Woman’s Best Friend
Dedicated to Maggie, the Horse with a Huge Heart
By: Saundra Searle, age 15
It has been said that dogs are man’s best friend, but what about the friend of a woman? It has always been understood that there is a special connection between horses and woman. Stories are told about the unconditional love and trust shared between a woman and her horse. Numerous quotes in the Bible and elsewhere mention the companionship and compatibility between a horse and its female friends.
I feel privileged to say that I have this same connection. I am lucky enough to be loved and trusted by many of these majestic animals. Unlike myself, who has always had a connection with horses, my sister Lisa spent the first 17 years of her life pushing them away. She never had an interest or bond with them…not until Maggie came along.
When we first met Maggie she was a waif, skin and bones, and frightened of life. Not only had she been starved and pushed around by the other horses, she was pretty badly abused too. Normally all of this would have killed the spirit in such an animal… not Maggie. She still had a fire burning inside her and a spark in her eye. It was this flame that drew us to her, this courage that gave us hope. We brought her home and gave her promise of new life.
As time passed, we watched her grow both mentally and physically. Her skeleton filled out with muscle; her eyes became round and expressive. And she developed a personality that few could resist. We all loved her.
Although Lisa had gone off to college, Maggie was her claim on the ranch. She drew Lisa back during the summer, holidays and long weekends.
The once scraggily three year old filly matured into a beautiful mare under our care. When she arched her neck, lifted her tail, and galloped across the pasture, it was hard to not get a lump in your throat. She looked so beautiful and she was in high spirits. Maggie loved life on the ranch.
Saturday, February 28, Maggie was rushed to the vet’s. Mom had found her down in a draw, her left front leg swollen up three times the size of her right. Wondering how she would ever get Maggie up the ridge let alone into the trailer, Mom slowly picked out a trail for Maggie to follow and headed her toward home. That little horse showed true bravery and trust, limping up the hill, left leg extended in from on her, too inflamed and too sore to touch the ground. Putting all her energy into each step, Maggie made it slowly in to the trailer.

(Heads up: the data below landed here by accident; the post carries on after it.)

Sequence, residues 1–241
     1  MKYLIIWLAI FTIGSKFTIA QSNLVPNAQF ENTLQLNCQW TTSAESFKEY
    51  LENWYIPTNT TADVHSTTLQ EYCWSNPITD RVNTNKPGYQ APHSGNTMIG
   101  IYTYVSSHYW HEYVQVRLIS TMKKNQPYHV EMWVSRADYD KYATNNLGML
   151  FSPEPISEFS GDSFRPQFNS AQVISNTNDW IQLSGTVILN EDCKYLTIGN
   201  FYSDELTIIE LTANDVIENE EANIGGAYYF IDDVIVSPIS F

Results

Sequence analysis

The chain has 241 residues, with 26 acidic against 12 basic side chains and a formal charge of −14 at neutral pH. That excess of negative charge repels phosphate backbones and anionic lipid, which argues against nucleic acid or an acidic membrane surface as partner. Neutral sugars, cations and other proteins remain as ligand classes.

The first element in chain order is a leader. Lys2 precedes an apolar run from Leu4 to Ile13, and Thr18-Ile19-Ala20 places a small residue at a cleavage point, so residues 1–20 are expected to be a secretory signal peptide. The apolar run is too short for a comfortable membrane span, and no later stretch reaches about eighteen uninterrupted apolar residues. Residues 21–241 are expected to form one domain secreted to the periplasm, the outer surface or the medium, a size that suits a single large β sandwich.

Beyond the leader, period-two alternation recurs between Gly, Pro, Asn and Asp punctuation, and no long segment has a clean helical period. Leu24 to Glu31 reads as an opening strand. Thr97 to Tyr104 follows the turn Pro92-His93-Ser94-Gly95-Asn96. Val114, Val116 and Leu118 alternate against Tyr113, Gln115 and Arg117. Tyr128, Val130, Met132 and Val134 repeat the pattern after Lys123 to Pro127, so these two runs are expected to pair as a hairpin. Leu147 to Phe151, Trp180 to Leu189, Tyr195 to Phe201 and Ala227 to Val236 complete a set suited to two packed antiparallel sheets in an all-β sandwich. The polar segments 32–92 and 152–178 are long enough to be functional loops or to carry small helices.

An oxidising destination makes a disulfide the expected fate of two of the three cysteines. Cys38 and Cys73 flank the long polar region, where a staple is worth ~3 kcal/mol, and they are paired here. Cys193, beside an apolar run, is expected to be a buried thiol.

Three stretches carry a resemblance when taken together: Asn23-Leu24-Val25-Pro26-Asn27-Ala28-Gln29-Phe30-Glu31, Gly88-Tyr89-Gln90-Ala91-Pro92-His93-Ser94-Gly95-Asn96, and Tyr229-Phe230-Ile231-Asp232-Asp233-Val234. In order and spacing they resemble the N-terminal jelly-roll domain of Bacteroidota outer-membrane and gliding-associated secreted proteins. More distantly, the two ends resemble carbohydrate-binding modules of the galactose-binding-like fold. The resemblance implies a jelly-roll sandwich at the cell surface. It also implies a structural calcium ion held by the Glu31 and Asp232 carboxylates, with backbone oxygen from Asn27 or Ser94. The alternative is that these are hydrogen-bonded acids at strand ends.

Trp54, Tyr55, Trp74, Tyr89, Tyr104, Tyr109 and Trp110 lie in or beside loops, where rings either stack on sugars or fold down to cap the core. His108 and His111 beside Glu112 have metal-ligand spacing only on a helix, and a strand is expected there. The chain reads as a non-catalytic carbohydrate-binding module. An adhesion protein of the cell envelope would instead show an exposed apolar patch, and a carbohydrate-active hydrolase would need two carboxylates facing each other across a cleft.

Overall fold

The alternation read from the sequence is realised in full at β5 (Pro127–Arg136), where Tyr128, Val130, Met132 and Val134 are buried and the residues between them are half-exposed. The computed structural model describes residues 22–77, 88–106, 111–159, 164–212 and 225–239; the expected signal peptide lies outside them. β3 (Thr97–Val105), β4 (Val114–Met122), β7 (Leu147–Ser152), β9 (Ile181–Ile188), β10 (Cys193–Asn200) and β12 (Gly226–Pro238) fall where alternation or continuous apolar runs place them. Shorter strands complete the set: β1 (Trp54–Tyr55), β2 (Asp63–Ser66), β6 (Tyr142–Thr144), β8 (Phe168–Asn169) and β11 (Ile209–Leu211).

On inspection the horse doctor found a puncture wound driving two and one-half inches just above the hoof line. Worried about complications, he started IV antibiotics and kept her overnight for observation. We all said our prayers and waited to hear from him. No one had a good feeling about how things would work out but her courage gave us hope.
Sunday night, February 29th, there was a phone call from Kirk. We had won the battle, her foot looked much better. But we had lost the war. Maggie had died from blood poisoning; the infection had spread to her brain and killed her.
Maggie was never actually my horse, but I had fallen in love with her, as did everyone who rode her. Jumping logs in the underbrush, moving cows in the mountains, or galloping home from a run around the barrels at the rodeo; Maggie put her heart into everything she did.
Maggie was Lisa’s horse and the woman’s best friend. No one who knew her will ever forget that little sorrel mare, with her big sparkling eyes and her life-sized forgiving heart. It is hard to say goodbye to a friend but fortunately her memory lives on.